General John Coffee

Page 1

Transcribed and Contributed by Patricia Hartley, January 8, 2017

Source: Northern Alabama Historical and Biographical, 1888 (Sketch was written by Col. James E. Saunders)

"John Coffee was born in Prince Edward County, Va., on June 2, 1772.  His father, Joshua Coffee, was born in the same County January 26, 1745.  His mother, Elizabeth Graves, was born in Hanover County, Va., January 28, 1751.  They were married June 2, 1767.

 

"Joshua Coffee was a tobacco-planter, and after his marriage continued to reside in Prince Edward County until 1775, when he removed to Granville County, N.C., where he remained until the close of the Revolutionary War, when he removed to the County of Rockingham. Here he continued to reside until his death, which occurred September 8, 1797. During 1780 he commanded a company of mounted gun-men.

"During the month of April, 1798, John Coffee removed with his mother to Davidson County, Tenn., where she died in 1804. 

"Mr. Coffee engaged in merchandise and continued in it until 1807, and (to use his own words) 'from some accidents and losses, and from bad management,' it proved to be a losing business. He engaged in surveying in the then newly acquired country on Duck and Elk Rivers, which business, by his great exertions, and unremitted attention, proved to be profitable. In the course of two years thereby he was enabled to pay the arrearages of his mercantile debt, amouting [sic] to six thousand dollars, besides reserving to himself several valuable tracts of land.

"On October 3, 1809, he married Mary Donelson, then sixteen years of age, a native of Tennessee, and a daughter of John Donelson, who carried the wives and children of the party, who went in advance with Gen. James Robertson to Nashville in 1779 to build houses.  The voyage was performed in boats from East Tennessee, down the Tennessee River and up the Cumberland through a nation of hostile Indians. Rachel, the eldest sister* of Mary Donelson (not then born), would sometimes fearlessly take the helm, when the boats were attacked, to enable her father to take a shot at the enemy. This Rachel became the wife of Gen. Andrew Jackson, and when John Coffee married Mary Donelson, this family union cemented a friendship which had existed between them for some years before, and continued uring their join lives. About this time Mr. Coffee was elected Clerk of the County Court of Rutherford, a position he was holding at the outbreak of the Creek War.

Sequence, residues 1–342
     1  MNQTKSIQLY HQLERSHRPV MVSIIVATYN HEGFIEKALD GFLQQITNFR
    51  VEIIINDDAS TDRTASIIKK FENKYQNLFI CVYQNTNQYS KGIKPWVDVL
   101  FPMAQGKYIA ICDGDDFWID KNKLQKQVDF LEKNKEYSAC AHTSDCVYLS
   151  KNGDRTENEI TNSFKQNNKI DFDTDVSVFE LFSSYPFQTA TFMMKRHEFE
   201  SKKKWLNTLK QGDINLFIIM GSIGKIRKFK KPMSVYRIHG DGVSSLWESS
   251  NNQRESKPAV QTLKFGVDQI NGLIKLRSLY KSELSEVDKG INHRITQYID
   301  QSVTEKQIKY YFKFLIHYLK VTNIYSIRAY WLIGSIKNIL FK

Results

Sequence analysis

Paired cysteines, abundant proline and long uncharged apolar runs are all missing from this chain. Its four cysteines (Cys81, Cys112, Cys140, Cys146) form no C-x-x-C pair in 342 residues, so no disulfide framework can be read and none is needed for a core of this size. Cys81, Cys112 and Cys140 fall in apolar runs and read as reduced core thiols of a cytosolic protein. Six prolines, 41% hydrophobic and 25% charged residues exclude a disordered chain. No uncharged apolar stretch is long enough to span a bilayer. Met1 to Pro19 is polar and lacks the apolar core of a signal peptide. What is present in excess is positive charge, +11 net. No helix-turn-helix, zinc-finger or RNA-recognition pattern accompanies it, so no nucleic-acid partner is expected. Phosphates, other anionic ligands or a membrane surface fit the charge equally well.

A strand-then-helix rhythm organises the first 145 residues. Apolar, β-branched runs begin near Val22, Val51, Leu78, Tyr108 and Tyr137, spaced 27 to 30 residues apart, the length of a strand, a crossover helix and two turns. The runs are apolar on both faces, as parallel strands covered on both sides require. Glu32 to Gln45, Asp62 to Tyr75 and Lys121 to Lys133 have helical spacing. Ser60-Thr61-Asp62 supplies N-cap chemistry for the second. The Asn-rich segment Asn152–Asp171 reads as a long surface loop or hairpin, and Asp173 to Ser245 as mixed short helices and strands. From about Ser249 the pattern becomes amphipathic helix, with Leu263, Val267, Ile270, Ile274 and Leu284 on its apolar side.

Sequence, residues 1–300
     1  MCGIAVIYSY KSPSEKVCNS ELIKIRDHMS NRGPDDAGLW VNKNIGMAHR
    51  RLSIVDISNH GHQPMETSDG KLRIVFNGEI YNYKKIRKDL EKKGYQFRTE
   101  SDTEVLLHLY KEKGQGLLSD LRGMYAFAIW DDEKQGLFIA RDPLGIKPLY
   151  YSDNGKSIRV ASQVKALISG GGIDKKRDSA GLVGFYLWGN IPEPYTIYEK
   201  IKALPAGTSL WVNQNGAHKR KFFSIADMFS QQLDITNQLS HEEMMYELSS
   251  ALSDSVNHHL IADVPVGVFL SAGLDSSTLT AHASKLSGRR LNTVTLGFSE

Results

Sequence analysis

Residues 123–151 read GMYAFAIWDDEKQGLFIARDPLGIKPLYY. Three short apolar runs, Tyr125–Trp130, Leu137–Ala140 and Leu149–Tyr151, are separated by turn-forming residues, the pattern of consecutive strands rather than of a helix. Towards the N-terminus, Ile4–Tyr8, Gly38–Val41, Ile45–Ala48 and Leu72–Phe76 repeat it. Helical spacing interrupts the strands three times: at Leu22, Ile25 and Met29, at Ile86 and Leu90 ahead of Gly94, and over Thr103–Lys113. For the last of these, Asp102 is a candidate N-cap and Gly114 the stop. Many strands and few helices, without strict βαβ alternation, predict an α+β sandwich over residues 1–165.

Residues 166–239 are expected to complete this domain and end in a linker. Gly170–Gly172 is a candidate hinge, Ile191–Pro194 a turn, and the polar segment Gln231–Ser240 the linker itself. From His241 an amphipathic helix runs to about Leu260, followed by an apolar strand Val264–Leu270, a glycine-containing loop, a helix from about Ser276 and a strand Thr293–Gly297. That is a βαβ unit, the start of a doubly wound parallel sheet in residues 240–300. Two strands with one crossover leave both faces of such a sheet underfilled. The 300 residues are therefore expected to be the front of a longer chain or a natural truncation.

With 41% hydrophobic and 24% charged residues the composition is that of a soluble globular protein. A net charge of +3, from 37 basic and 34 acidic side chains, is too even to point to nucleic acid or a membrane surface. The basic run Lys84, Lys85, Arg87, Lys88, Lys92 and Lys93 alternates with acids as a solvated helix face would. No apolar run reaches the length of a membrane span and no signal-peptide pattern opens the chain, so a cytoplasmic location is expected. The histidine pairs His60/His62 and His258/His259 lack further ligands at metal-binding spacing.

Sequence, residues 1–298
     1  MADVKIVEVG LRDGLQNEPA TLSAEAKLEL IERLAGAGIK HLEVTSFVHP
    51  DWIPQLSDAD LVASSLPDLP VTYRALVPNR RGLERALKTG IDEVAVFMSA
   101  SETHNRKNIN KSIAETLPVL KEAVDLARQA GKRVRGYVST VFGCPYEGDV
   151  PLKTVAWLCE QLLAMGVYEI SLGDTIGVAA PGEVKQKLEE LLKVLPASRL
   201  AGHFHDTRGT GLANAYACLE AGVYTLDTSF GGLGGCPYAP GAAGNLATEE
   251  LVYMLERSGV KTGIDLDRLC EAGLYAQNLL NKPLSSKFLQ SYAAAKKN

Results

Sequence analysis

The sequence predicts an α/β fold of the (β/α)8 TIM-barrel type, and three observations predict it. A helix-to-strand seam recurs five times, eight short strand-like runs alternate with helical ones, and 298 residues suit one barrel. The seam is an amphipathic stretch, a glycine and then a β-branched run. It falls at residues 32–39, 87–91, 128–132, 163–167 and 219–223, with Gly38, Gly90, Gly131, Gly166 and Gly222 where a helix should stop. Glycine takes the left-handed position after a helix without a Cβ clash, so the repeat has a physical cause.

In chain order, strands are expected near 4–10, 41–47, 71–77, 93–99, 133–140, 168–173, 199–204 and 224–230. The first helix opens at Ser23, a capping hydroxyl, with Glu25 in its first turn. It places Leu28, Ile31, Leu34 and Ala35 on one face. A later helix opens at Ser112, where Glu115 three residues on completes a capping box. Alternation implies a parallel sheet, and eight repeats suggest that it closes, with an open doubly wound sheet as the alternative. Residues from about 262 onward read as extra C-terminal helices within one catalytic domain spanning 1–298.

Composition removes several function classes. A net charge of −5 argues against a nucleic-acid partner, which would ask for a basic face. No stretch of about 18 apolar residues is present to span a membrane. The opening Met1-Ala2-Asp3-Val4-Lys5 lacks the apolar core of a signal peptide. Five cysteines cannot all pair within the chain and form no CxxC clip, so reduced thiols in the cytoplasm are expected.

"General Coffee was engaged with General Jackson in the bloody fight which occurred between the Jackson and Benton factions, just before the Creek War of 1813; an unfortunate affair, which was brough about by the rashness of Jessee, a brother of Thomas H. Benton, afterward the distinguished senator from Missouri. In a few months the feud was at an end between the principal parties, and the latter was actively engaged in making speeches to raise volunteers to serve under General Jackson; took command as colonel of one of the regiments raised, and was the confidential personal and political friend of Jackson ever afterward. But Jessee Benton never made friends with any of the other party; and, it is said, never spoke to his brother Thomas afterward. He was a little volcano which was always in a state of reuption.